Feisty

It’s rare to see the red squirrels in my backyard sitting still.  They chase each other and the gray squirrels around the yard, up and down trees, and around the bird feeders.  But every now and then, one will sit still on a branch and contemplate what to do next.  This one had just finished terrorizing its “cousin”, chasing another slightly less feisty individual off the tree.

red squirrel, Tamiasciurus hudsonicus

red squirrel, Tamiasciurus hudsonicus

When there is so much spilled seed on the ground, even red squirrels can be somewhat tolerant of their neighbors.

red squirrels feeding on sunflower seed

UPDATED NOTE added in response to a good question from afrenchgarden:  

American red squirrels (Tamiasciurus hudsonicus) are in a different genus than gray squirrels (Sciurus carolinensis), are about half their size, and are really specialists on the seeds of conifer cones (they are also called pine squirrels for this reason).  Although they do like the occasional acorn, walnut, and sunflower seed, their diet doesn’t overlap that much with gray squirrels, so the two species happily coexist.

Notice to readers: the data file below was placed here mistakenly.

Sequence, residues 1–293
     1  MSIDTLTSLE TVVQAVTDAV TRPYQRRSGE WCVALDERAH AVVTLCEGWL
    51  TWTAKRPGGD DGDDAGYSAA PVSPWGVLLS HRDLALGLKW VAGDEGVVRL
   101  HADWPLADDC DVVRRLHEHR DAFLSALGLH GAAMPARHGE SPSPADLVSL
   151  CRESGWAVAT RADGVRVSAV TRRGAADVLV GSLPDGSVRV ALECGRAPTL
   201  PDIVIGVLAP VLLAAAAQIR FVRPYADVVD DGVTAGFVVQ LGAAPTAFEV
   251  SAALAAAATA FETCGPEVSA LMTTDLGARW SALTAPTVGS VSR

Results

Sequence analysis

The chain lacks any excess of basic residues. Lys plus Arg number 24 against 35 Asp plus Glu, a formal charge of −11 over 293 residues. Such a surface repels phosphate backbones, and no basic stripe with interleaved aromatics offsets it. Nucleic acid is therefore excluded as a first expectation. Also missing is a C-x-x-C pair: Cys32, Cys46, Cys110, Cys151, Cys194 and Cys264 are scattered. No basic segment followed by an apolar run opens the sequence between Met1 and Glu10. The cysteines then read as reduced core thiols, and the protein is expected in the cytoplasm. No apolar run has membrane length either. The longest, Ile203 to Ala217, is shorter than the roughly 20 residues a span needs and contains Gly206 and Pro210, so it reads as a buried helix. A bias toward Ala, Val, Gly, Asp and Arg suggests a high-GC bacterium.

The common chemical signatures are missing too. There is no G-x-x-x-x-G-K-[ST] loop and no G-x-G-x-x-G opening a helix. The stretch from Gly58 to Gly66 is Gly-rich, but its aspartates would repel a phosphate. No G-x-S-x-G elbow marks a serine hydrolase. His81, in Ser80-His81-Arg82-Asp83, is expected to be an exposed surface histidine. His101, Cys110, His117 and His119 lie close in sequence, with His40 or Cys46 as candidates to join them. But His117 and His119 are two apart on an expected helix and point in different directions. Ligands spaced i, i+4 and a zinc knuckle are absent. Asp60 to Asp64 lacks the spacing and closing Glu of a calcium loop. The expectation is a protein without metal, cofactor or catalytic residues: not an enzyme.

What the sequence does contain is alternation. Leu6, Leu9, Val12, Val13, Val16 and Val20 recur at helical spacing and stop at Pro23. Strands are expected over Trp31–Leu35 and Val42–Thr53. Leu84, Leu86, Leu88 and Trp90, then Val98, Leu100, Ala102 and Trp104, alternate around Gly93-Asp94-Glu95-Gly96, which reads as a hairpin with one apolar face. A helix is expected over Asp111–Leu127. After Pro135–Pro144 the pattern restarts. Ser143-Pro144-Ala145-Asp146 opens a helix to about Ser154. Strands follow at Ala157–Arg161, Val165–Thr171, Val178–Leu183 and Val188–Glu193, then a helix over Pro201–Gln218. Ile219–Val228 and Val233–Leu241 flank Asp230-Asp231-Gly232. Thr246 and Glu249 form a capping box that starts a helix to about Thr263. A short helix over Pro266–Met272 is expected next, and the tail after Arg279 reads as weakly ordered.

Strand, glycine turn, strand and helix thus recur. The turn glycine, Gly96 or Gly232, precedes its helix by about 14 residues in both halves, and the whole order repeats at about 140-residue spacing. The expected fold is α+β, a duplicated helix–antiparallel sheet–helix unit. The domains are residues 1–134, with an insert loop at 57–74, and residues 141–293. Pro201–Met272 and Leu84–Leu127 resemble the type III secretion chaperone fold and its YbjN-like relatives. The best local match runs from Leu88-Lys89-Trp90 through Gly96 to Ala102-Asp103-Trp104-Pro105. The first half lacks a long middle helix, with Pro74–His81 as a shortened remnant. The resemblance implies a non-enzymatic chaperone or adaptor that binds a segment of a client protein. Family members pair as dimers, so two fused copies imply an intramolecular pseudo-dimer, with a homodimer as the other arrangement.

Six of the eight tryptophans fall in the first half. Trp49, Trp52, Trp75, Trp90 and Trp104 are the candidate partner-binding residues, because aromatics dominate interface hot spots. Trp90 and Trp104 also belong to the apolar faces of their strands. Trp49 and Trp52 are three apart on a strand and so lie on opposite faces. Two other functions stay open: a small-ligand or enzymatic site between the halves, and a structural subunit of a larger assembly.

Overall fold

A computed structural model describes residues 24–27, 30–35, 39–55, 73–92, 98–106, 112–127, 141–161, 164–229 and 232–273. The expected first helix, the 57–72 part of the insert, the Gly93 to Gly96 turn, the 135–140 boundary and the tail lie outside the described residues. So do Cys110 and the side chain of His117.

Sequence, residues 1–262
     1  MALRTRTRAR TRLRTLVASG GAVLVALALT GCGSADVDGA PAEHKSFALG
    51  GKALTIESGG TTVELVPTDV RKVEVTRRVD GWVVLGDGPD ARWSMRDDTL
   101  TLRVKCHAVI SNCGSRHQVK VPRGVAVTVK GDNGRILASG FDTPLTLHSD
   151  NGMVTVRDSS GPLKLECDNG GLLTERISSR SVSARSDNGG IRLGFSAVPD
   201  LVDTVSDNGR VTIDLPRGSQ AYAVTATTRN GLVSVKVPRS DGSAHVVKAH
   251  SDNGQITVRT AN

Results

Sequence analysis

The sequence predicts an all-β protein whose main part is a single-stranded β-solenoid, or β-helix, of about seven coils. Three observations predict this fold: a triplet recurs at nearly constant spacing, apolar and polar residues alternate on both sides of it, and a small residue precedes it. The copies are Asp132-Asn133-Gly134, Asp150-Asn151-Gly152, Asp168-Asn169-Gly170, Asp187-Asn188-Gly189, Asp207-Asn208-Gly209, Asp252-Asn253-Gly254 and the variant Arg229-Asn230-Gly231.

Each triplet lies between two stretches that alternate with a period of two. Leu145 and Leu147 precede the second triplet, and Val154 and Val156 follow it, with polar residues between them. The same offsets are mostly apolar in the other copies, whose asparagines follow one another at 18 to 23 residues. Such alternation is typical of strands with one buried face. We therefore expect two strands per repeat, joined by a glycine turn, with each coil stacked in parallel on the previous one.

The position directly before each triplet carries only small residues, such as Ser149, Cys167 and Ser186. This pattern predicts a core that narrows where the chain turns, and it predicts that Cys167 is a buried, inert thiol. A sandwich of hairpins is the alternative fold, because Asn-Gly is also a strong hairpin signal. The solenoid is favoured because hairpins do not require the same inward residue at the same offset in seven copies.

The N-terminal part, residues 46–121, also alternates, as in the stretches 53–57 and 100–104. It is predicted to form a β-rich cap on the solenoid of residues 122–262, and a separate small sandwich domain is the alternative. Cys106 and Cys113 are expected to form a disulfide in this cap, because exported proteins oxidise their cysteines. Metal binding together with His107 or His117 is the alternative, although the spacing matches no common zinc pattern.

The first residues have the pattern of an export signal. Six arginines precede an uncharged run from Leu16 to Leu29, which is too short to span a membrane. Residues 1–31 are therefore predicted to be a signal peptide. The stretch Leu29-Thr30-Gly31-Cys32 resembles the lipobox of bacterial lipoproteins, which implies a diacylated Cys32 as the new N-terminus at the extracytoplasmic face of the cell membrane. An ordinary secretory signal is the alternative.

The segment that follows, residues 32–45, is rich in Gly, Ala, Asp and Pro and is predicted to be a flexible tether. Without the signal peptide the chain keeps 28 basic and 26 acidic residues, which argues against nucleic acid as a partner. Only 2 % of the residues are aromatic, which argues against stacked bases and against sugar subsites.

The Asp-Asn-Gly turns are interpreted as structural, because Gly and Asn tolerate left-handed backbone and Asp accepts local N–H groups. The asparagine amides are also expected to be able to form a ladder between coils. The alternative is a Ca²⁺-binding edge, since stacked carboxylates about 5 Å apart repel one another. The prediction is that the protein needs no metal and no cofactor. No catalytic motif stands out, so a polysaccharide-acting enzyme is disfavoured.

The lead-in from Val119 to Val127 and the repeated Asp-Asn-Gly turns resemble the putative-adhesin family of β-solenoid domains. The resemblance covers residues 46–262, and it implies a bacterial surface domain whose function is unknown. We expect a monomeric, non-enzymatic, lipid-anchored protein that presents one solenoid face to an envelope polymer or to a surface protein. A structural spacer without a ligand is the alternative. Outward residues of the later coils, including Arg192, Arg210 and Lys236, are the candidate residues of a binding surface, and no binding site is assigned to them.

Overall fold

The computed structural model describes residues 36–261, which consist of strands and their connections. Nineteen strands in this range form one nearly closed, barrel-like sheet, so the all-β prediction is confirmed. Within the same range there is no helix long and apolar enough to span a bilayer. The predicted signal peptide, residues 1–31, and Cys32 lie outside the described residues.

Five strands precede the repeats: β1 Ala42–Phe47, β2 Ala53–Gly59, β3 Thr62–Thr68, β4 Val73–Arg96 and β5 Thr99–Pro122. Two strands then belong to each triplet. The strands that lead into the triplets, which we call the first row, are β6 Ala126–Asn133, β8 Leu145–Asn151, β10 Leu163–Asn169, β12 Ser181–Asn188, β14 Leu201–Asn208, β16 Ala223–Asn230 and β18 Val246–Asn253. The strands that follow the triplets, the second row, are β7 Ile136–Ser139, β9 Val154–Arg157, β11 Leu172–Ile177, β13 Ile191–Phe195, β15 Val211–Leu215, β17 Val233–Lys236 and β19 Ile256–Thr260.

It’s a different story in Europe.  A British gent (so the story goes) introduced gray squirrels to Britain, where they came into direct competition for food with the European Red Squirrel (Sciurus vulgaris), because they both like acorns, and other big nut seeds.  Gray Squirrels being a bit bigger and bolder drive the European Red Squirrels away from their favorite food.  In addition, the European Red Sciurus is vulnerable to a pox that the American Gray Sciurus carries but is immune to.  So–a double whammy of competition plus disease has severely reduced the numbers of native British squirrels.

A BBC video explains all this and more.

http://www.bbc.co.uk/nature/life/Eastern_gray_squirrel#p007vd86

5 thoughts on “Feisty

  1. I’m intrigued by your red squirrels co-habitating with the grey. The American grey squirrel which was introduced into England has been blamed for the almost complete disappearance of the native red squirrel. Do the two squirrels not compete for living space near you?

  2. Thanks for asking such a good question. I think I’ll add a little to the post above to explain this. Refresh your screen to get the latest version.

    • Thanks Jo Ann. They are very cute, although difficult to handle. I once made the mistake of trying to liberate a red squirrel from a trap I had set for chipmunks. The frantic squirrel exited the trap, ran up my arm, and launched himself upward off my nose, raking my forehead with his hind claws in the process. I got a lot of questions about that injury!

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